©® Copyright and web design Studio Medical Journal of Montenegro 2015
Dijana Račeta-Mašić1 Goran Nikolić1
1 Clinical Center Montenegro, Faculty of Medicine
Corresponding author Goran Nikolić Tel: +382 20 246 651 E-mail: email@example.com"
Medical Journal of Montenegro 2015;3(4):27-30. DOI: 10.5937/cma3-9686
Received: 27 Septembar 2015
Accepted: 11 October 2015
Published: 06 December 2015
Introduction: Lung cancer is the most common cause of cancer death worldwide. Every year in the world more people dies from lung cancer. Approximately 300 people in the Montenegro are diagnosed with lung cancer each year . Success in the treatment can be achieved by implementing screening programs.
Meterials and method From November 2013 through November 2014, a total of 120 asymptomatic men and women older than 50 with at least a 20 pack-year history of smoking were randomly assigned to undergo LDCT lung cancer screening. In 26% (32 individuals), one or more pulmonary nodules were detected. In our study low dose CT found asymptomatic lung cancer in 3.3% of scanned patients at one year into our study. We ordered biopsy for four nodules with malignant characteristic The rest of the nodules showed no enlargement during a follow-up period of 24 months and were presumed non-malignant.
Conclusion , in the current study, low-dose spiral CT was feasible for depicting small lung cancers by using a simple algorithm based on the size and attenuation of detected nodules to guide invasive procedures..
Key words: students, oral health, health education, DMFT index, Green-Vermillion index
Lung cancer is the second common cause of cancer incidence worldwide in both sexes and accounts 20% of all cancer deaths. The major risk factor is cigarette smoking which is implicated in 90% of cases and increase the risk of lung cancer 20-30 times.
In Montenegro, lung cancer is by far the most common cause of death from malignant tumors. According to official data from the Institute of Public Health of Montenegro, during the period from 2007- 2010 lung cancer was the cause of death in 40 % of all male cancer deaths, and approximately 300 people in the Montenegro are diagnosed with lung cancer each year (1).
Every year in the world more people dies from lung cancer than from other, more frequent malignancies together breast, prostate and colon carcinoma. The reason is provided with early screening programs. In the last 30 years there was no significant reduction in mortality from lung cancer and it is considered to be due to inadequate screening protocols.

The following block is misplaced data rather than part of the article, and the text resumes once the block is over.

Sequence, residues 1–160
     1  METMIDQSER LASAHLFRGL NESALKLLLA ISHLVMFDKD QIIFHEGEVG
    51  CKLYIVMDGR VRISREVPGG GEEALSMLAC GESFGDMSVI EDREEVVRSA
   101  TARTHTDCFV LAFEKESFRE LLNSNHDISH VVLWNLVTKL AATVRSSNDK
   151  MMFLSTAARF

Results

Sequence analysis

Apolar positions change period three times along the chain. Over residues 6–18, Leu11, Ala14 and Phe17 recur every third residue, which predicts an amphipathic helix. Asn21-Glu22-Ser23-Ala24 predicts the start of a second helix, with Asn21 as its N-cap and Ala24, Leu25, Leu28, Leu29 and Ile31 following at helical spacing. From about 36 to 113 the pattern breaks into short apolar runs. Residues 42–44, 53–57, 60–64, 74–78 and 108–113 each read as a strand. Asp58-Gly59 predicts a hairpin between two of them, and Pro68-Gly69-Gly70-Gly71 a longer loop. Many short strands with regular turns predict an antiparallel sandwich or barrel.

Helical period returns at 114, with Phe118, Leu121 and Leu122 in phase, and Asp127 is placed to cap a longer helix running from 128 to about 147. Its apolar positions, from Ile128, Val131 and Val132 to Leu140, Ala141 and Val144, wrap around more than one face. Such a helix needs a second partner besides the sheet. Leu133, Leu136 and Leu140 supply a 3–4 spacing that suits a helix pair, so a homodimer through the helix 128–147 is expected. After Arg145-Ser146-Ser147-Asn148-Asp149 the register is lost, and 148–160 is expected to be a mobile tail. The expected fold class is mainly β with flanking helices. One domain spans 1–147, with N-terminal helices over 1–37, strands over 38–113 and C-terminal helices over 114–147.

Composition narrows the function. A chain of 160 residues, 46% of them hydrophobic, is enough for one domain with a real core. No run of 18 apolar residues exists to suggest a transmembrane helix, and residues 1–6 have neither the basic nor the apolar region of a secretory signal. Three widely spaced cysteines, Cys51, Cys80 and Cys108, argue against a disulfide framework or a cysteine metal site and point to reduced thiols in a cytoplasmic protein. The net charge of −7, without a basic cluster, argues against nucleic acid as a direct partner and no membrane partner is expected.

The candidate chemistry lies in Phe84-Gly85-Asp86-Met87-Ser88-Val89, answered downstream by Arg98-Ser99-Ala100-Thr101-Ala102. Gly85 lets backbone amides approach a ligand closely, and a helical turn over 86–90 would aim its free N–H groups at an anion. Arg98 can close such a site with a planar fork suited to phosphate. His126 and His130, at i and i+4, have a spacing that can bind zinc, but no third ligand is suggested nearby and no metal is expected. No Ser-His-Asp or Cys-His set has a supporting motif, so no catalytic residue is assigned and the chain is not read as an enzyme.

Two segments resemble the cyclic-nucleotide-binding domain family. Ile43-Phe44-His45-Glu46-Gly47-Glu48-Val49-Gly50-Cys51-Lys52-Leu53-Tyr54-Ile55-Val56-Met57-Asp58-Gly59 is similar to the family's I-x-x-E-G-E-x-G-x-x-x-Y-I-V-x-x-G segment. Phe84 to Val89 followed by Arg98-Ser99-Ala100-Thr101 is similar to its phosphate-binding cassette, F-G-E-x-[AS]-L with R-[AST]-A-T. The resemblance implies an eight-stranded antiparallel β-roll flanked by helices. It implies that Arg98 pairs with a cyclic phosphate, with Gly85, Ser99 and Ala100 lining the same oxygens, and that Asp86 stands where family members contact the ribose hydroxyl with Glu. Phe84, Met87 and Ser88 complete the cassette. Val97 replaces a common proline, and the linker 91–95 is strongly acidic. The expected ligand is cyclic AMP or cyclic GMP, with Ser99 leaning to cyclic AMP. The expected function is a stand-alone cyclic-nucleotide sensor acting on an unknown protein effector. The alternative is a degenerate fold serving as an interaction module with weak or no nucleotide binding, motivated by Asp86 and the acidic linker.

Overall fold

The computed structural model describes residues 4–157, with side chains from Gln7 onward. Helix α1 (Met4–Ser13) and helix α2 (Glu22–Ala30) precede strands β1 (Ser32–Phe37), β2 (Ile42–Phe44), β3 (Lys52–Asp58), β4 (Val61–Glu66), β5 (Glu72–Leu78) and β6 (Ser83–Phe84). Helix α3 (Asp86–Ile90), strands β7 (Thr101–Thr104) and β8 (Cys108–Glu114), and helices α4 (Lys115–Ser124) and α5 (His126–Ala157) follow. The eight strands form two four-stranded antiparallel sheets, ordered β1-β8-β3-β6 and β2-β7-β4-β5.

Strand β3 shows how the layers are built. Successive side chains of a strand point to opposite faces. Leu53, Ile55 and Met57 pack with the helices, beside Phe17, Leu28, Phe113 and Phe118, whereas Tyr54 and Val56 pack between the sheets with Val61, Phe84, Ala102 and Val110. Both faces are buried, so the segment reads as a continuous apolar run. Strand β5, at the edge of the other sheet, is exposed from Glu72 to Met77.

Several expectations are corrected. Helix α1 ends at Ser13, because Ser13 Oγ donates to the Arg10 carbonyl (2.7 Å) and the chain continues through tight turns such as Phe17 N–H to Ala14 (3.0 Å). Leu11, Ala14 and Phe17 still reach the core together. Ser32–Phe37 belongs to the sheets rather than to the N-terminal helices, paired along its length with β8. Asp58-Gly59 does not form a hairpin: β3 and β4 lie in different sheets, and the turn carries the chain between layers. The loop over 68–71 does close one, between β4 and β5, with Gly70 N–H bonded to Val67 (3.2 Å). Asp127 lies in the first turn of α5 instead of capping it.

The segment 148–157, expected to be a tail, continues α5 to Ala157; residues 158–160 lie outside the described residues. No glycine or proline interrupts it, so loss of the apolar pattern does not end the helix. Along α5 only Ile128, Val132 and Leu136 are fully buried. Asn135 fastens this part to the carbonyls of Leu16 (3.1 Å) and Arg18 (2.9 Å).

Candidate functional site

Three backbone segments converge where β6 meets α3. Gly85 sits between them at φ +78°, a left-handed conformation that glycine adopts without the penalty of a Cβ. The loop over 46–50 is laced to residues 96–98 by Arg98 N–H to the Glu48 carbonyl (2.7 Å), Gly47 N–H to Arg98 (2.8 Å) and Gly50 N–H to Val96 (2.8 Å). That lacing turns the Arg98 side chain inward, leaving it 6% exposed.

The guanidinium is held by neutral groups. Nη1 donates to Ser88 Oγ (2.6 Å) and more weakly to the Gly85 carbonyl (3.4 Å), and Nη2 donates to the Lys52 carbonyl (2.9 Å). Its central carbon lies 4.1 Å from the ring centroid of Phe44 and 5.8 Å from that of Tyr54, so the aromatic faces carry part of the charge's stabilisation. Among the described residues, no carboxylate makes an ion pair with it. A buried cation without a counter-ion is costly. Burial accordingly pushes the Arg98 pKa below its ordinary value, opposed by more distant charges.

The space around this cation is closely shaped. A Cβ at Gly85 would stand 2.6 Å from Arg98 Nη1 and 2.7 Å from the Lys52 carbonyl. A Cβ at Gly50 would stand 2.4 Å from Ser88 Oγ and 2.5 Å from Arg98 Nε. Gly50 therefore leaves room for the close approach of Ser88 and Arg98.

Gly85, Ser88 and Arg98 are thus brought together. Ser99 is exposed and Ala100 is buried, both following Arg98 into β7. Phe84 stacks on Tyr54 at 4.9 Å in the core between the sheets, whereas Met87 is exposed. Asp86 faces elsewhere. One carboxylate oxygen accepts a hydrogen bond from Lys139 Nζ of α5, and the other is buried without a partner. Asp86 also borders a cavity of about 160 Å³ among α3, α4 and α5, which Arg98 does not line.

Lung cancer is usually asymptomatic or symptoms are not characteristic, so disease usually discovered in late stadium when therapeutic treatments are limited and prognosis therefore poor. Early detection of lung cancer significantly affects the percentage of five-year survival; in the early stages of T1 is about 80%, whereas in advanced stage T4 about 10% (2). X ray has a low sensitivity in the detection of lung cancer (15%).CT examination in lung cancer screening has a high sensitivity, but also has a large radiation dose, which is why it can’t be accepted as a screening method. Because dose reduction at CT does not substantially decrease sensitivity for small pulmonary nodules, low-radiation-dose CT should depict more tumors than does chest radiography, potentially improving the early detection and prognosis of lung cancer (3).
The objective of this study is to describe the low-dose CT (LDCT) screening process, the diagnosis and results of the initial round of LDCT lung cancer screening and also to compare results of this study to similar studies in Europe and worldwide (4),(5).
In LDCT lung screening we randomly assigned asymptomatic men and women older than 50 with at least a 20 pack-year history of smoking.
The screening was performed on a 64 slice CT scanner, without IV contrast enhancement, 80 kVp, 33 mAs, pitch 2:1, data reconstructed into 6 mm transaxial slices, tube rotation 0.8 sec, filter B50. Average Dose index was calculated at 0.93 mGy. (larger patients received more.) We used a simple algorithm based on the size and attenuation of detected nodules to guide the diagnostic work-up. Screening results were classified as either positive or negative. We regarded all noncalcified pulmonary nodules greater than 4 mm in diameter as a positive result.
Homogeneously calcified nodules were regarded as benign and were not followed up with low-dose CT (negative test result).For noncalcified pulmonary nodules of 10 mm or smaller, repeat low-dose CT was recommended for follow-up at 3, 6, 12, and 24 months to exclude growth.